Al Sharpton leads funeral for homeless man choked on New York subway
The Reverend Al Sharpton and others depart the funeral for Jordan Neely at Mount Neboh Baptist Church in Harlem on 19 May 2023 in New York City. Neely, 30, died earlier this month after Marine Veteran Daniel Penny, 24, put him in a chokehold after an altercation on a subway train. Neely had a history of mental illness and run-ins with the law but there is no evidence he was violent at the time of his death.
US civil rights activist Al Sharpton gave a eulogy Friday at the funeral for Jordan Neely, a homeless man who died after he was put into a chokehold by a Marine veteran on the New York City subway earlier this month.
Before hundreds of mourners including Neely’s family and New York City congresswoman Alexandria Ocasio-Cortez, Sharpton led a public outpouring of grief for Neely, a Michael Jackson impersonator who often performed on the train.
Neely, Sharpton said, had been “choked most of his adult life.”
“He is an example of how you’re choking the homeless, you’re choking the mentally ill,” he told those gathered at Mount Neboh Baptist Church in Harlem.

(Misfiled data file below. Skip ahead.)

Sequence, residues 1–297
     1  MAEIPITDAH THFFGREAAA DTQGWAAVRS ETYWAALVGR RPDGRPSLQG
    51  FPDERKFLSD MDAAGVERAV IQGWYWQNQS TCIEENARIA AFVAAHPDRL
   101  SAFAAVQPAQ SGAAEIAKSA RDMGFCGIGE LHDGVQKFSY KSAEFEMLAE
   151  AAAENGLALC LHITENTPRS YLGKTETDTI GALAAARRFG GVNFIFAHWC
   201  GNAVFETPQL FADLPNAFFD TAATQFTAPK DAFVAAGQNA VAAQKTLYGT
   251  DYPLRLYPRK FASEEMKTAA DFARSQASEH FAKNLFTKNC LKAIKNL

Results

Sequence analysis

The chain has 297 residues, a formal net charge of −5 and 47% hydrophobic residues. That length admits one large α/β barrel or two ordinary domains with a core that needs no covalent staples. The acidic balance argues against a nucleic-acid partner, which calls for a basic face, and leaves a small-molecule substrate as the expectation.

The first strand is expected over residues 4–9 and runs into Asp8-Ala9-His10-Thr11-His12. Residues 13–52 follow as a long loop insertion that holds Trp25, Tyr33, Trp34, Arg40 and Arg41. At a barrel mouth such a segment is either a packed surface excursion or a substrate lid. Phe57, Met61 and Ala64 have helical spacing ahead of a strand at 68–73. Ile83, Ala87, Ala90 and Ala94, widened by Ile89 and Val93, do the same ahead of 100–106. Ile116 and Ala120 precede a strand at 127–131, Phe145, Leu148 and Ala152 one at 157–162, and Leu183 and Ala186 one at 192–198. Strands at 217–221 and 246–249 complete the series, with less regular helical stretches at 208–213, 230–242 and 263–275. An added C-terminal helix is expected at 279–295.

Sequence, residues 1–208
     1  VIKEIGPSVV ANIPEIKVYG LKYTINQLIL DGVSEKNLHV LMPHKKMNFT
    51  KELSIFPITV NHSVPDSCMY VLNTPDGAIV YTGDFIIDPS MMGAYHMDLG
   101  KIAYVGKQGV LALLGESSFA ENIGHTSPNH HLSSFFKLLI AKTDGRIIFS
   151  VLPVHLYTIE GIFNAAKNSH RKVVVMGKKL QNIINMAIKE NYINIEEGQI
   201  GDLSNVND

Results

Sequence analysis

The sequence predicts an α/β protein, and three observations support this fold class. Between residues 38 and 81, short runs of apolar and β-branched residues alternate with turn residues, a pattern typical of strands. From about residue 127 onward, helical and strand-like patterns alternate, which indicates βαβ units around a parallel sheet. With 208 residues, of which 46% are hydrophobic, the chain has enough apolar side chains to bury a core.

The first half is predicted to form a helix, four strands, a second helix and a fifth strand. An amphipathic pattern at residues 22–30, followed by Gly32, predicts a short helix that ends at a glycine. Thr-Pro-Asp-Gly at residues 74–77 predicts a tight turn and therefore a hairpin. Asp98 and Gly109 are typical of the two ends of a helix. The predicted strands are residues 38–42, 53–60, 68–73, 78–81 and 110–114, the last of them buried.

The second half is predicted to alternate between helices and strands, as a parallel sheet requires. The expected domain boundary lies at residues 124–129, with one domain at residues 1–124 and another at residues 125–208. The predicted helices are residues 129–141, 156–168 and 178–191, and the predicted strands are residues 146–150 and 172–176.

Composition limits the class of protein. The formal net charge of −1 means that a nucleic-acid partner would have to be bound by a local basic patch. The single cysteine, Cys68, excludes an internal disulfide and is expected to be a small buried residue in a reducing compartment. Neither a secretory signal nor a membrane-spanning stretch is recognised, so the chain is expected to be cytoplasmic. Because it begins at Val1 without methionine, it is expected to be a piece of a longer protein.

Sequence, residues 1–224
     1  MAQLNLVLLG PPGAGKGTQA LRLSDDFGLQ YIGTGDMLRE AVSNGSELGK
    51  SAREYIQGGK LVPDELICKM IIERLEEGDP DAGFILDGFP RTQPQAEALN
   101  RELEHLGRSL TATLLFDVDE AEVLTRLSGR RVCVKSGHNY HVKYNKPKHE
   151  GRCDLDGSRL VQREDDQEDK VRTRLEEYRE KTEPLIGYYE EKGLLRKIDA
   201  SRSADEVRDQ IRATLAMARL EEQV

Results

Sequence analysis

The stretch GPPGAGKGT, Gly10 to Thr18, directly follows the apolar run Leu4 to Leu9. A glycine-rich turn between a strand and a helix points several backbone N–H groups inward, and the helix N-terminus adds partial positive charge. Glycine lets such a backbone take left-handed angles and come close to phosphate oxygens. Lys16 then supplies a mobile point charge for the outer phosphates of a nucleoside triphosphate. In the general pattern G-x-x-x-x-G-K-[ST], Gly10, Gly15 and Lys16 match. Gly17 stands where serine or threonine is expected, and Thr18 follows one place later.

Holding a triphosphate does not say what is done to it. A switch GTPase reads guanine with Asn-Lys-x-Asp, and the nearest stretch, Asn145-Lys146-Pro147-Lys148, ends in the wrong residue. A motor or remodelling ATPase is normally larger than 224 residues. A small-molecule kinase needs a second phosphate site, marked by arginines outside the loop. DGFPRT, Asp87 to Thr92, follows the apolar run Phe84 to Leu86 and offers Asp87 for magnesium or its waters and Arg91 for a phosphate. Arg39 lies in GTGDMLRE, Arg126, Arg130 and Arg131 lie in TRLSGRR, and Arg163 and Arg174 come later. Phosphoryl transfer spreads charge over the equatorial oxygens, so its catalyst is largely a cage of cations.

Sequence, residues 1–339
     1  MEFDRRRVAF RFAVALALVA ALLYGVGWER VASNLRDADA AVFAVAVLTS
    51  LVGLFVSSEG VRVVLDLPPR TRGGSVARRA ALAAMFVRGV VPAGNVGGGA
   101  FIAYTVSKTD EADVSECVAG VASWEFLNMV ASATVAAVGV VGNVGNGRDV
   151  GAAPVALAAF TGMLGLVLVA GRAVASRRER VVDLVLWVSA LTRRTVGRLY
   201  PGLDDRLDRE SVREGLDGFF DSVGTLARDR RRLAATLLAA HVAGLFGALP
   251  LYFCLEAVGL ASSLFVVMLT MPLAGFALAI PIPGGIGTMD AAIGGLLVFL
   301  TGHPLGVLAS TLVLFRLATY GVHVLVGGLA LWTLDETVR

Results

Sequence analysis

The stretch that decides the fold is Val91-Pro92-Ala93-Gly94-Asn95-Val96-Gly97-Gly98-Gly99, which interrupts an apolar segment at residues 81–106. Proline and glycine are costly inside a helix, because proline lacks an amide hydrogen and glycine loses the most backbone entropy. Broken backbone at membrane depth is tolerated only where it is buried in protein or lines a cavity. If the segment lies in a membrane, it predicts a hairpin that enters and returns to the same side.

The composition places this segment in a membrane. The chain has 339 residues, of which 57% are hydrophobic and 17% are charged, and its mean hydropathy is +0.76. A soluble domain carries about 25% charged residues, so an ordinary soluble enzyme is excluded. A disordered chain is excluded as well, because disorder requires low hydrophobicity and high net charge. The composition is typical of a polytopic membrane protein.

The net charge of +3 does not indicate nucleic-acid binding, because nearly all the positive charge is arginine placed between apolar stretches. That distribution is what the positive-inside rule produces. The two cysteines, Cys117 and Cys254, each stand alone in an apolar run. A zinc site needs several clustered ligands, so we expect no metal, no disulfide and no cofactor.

Neely’s death on May 1, which was caught on camera, has launched a reckoning on healthcare and public safety in New York.
It brought into sharp focus two burning issues in America’s biggest city and financial capital — mental illness among those living on the streets, and residents’ fears for their safety on the underground.
The video showed Neely on the ground of a subway train as Penny is seen holding him around the neck for several minutes in front of a few onlookers.
Witnesses said Penny allegedly restrained Neely after the latter was screaming at passengers for food and drink and said he was willing to die.
The 30-year-old was reportedly not physically threatening anyone, and family and friends have told media that he had a history of mental illness, like many living on the streets in the city of almost nine million residents.
Penny has been charged with manslaughter in the second degree and released on bail. A crowdfunding effort to support him has raised more than $1.6 million on a platform known for facilitating funding of far-right figures.
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